First, we used Carto to create a digital map of the formerly redlined areas of LA County. This data is from the University of Richmond’s project “Mapping Inequality: Redlining in New Deal America.”

Then, using 5-year data from the 2013-2017 American Community Survey, we created the following map of median house value for each census tract in Los Angeles County. Darker colors represent higher median values.

There appears to be some similarities between the two maps. To explore this, we used the “intersect and aggregate” analysis on Carto to map the current median housing values onto the neighborhoods shown in the redlining map. This is shown in the following map..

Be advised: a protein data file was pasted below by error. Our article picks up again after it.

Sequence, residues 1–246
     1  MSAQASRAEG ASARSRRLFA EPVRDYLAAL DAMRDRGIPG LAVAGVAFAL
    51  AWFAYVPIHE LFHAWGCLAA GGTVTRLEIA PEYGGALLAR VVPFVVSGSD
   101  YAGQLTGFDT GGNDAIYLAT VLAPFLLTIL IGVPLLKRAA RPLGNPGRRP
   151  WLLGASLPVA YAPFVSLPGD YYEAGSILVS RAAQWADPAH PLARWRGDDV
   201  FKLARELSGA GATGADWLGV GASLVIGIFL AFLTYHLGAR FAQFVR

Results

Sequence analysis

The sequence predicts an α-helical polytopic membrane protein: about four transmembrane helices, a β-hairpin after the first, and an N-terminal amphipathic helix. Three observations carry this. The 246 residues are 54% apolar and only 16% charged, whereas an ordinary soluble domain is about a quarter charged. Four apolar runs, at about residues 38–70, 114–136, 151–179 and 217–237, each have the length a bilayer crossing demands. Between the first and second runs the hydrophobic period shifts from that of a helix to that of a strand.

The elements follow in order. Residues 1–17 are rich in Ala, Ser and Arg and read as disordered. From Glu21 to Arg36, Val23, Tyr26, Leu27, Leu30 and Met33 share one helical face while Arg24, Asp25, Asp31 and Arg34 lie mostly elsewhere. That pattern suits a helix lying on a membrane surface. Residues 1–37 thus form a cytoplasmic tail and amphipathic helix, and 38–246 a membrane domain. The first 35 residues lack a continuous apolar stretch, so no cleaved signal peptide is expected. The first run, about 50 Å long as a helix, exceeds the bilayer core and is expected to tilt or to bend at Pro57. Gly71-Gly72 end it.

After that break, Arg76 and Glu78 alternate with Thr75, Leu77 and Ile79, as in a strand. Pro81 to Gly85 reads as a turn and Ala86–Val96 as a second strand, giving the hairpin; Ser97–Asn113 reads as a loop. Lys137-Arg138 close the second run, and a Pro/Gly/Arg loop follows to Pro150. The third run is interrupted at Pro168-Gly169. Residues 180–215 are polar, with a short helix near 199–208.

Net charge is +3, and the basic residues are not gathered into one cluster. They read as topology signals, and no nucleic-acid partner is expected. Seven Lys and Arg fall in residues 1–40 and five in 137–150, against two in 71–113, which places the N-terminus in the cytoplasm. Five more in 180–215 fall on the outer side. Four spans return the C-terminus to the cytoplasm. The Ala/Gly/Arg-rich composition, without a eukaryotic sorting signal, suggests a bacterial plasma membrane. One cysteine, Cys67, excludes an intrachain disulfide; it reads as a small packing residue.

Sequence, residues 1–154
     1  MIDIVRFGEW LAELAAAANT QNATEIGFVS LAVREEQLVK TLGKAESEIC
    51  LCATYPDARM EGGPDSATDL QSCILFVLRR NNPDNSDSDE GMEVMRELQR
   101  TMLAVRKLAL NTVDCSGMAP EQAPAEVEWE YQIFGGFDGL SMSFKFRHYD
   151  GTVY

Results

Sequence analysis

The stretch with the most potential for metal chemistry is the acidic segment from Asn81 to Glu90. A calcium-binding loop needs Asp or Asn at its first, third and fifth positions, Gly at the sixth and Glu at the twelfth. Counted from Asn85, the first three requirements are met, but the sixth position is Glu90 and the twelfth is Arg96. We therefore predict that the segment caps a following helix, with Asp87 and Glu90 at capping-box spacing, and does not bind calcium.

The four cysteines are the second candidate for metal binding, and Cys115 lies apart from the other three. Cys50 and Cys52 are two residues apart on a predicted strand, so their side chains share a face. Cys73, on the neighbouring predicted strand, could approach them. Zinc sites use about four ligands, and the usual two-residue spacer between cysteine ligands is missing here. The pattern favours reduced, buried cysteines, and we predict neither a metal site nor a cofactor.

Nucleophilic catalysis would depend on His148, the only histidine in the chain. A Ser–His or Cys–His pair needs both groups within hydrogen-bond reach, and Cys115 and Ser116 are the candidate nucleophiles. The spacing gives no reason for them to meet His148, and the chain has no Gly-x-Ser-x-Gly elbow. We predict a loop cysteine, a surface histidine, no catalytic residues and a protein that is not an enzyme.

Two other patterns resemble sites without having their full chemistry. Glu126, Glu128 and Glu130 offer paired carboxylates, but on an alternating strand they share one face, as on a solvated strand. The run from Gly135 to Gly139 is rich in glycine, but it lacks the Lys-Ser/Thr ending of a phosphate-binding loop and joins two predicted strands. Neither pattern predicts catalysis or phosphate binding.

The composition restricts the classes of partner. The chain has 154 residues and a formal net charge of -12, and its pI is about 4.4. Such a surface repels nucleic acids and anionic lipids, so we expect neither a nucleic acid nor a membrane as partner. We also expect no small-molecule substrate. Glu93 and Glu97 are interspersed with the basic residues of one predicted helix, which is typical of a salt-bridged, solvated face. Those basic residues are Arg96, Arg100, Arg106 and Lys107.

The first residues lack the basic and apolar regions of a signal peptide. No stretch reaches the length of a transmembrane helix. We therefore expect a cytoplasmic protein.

As we see on this map, neighborhoods in former “D” grade areas have lower median house values, on average, than do other areas. This suggests that while official redlining has been outlawed, its effects persist today. The old, largely racist HOLC maps have left their spatial mark on the city.

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